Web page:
This page is meant to help solve some common problems that first-time MATLAB programmers encounter. The current offerings are:
If you come across a really good error, send it to me for inclusion in this list.
Remember that MATLAB does not understand a statement like
b(3 + a)to mean "b times the quantity (3 + a)". Rather, MATLAB interprets it as "the (3+a)th element of b". This interpretation is not likely to give you the result you are expecting. To produce the desired result, be explicit about the multiplication operation.
b*(3 + a)
MATLAB error messages can sometimes be very helpful and can sometimes be quite obscure. The degree to which a message can helps is significantly improved if you spend a little time reading what information is provided in the message.
Chapter 7 in Pratap's book (see references) is a good place to start.
>> plotex <= This is the last command ??? Error using ==> plot Vectors must be the same lengths. Error in ==> Dinsdale:engr211:mystuff:plotex.m On line 28 ==> plot(t,y,'ob',t,yfit,'r-') >> <= This is the new cursor location
It did not run but it looks like I should pay attention to line 28, the
function (plot) and variables (t,
y and yfit, apparently) to see what is
wrong. Either how I am not following the syntax of plot or not properly
preparing the inputs.
>> x = sin(t ??? x = sin(t | Improper function reference. A "," or ")" is expected.The pointer is telling you where to start looking.
The primary (though not only, as of version 5) data type in MATLAB is the complex-valued array. Hence, MATLAB deals "naturally" with complex numbers, a feature that can cause problems when you expect real numbers as answers.
Many engineering problems use three functions/operations that can cause problems when their inputs are negative numbers:
>> log(-3) ans = 1.0986 + 3.1416i
>> sqrt(-3) ans = 0 + 1.7321iin a "natural" manner that is mathematically correct but practically frustrating, at times.
>>(-3)^0.2 ans = 1.0078 + 0.7322i[NB. If parentheses are not used to force precedence, the result is different.
>>-3^0.2 ans = -1.2457so make sure you let MATLAB know what you mean.]
From a mathematical point of view, handling complex numbers by default is a useful feature. However, most engineering computations and formulas assume that the results from computations are real-valued.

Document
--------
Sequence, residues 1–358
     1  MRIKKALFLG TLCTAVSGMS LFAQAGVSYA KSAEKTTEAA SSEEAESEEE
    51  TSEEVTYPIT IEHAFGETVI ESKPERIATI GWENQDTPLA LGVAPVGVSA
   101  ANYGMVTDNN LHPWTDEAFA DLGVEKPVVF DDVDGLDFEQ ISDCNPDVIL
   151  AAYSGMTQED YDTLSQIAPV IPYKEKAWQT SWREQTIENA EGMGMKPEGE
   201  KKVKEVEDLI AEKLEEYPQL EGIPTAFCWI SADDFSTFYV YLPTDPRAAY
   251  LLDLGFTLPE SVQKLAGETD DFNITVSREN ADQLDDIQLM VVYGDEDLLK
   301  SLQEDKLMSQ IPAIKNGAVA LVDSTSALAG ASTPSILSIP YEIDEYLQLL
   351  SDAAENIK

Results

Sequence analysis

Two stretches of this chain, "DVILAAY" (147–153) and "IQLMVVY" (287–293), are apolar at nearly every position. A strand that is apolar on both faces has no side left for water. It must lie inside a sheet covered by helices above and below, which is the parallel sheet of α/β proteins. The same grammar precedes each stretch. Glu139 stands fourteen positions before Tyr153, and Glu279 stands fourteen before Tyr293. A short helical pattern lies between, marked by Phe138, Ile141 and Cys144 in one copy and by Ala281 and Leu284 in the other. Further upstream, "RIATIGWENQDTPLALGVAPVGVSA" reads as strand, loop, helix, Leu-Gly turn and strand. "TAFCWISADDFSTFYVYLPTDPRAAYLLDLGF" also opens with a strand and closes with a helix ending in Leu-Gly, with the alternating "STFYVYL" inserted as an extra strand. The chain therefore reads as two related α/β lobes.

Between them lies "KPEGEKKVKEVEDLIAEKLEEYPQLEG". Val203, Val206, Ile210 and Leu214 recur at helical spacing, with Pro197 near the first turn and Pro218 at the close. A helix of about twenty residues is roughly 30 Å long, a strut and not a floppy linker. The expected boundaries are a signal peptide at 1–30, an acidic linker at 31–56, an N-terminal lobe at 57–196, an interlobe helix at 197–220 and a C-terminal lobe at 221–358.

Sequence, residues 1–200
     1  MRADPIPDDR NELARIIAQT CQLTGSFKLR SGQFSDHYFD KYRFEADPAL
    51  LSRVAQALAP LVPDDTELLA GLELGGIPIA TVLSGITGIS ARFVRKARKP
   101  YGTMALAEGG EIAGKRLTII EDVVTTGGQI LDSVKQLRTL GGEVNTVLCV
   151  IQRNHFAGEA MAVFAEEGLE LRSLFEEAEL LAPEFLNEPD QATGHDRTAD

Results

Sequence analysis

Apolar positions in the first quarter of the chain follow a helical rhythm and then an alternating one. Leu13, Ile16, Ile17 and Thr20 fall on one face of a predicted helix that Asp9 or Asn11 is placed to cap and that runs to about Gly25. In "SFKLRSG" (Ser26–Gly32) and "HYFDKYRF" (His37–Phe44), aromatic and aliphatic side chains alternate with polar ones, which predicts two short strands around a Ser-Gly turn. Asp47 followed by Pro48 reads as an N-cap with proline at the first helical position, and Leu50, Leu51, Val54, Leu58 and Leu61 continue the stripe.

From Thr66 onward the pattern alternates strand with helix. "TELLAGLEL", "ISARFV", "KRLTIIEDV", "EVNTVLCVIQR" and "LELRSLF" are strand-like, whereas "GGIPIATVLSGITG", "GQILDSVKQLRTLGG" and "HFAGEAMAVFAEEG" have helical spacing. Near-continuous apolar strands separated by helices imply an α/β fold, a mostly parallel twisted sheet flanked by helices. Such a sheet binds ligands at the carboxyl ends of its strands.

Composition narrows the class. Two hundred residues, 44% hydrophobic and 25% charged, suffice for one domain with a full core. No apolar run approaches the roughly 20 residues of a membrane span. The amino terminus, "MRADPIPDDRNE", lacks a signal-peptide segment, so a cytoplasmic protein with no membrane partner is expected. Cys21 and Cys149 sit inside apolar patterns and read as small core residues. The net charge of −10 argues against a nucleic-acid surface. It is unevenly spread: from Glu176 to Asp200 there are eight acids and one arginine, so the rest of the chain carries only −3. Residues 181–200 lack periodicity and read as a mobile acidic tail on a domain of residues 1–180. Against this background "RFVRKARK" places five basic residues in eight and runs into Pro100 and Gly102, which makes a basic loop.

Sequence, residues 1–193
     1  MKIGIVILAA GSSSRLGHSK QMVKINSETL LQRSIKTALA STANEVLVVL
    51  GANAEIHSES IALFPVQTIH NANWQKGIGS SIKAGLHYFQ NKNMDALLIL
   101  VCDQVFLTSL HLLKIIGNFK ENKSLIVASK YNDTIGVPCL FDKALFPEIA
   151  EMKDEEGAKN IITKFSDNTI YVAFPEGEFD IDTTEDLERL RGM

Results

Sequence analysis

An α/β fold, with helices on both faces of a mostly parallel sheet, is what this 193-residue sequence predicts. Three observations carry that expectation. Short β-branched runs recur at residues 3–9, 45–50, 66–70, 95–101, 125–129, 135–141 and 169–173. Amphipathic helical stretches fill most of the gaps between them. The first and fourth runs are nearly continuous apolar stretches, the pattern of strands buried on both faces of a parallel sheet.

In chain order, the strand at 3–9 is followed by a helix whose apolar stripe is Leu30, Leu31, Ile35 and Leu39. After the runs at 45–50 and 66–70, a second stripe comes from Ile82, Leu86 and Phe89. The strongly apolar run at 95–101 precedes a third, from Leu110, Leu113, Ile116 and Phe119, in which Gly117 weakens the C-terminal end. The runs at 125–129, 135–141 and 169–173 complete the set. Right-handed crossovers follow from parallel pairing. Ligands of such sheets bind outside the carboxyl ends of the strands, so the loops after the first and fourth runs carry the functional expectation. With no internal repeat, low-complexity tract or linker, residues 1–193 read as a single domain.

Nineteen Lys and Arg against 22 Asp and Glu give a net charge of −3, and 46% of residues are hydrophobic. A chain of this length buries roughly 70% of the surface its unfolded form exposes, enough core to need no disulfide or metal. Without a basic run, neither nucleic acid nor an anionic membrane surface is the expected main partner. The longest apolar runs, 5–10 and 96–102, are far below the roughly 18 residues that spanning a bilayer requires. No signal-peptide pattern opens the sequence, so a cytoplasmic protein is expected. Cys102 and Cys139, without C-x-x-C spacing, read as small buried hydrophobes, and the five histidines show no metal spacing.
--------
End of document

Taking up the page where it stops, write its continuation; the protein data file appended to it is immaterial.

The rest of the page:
How can you avoid the problems noted above?
The MATLAB operators ^, *, \ and / all "do the right thing" when applied to array variables - they compute the linear-algebra operation, if it is defined. This is fine if you are expecting to do numerical linear algebra. It is frustrating if you are trying to do element-by-element computations.
Very often you will get an error message when you "forget to add the dot". For example,
v1 = [2 5 1] 1/v ??? Error using ==> / Matrix dimensions must agree.Since 1 is a 1-by-1 array and v1 is a 1-by-3 array, the shapes of these arrays are not compatible for right division.
In some cases, the matrix operation is defined and so you won't get an error message that can help you fix a mistake. For example,
v1 = [2 5 1] v2 = [3 4 2] v1/v2 ans = 0.9655
In this case, the shapes of the arrays were such that right-division is
defined and so a valid (though possibly unexpected) result is returned.
This type of error can produce subtle logic errors in a program. Pay
careful attention to your computations and be "picky" about what you type
in. Read them carefully and use the "dot" when you mean it.
There is a difference between Tom, tom and TOM to MATLAB for names of variables and functions. Generally, MATLAB function names should be rendered to in lower-case letters (sin, not SIN) though sometimes MATLAB is flexible enough to recognize the equivalence (as seems to be the case for TITLE and related plot-labelling commands). Be safe - use lower case.
Note: Help information available via the help command often uses upper-case for emphasis. Unless the help information for a function explicitly says that a function name is to include upper-case letters, assume that all names should be in lower-case.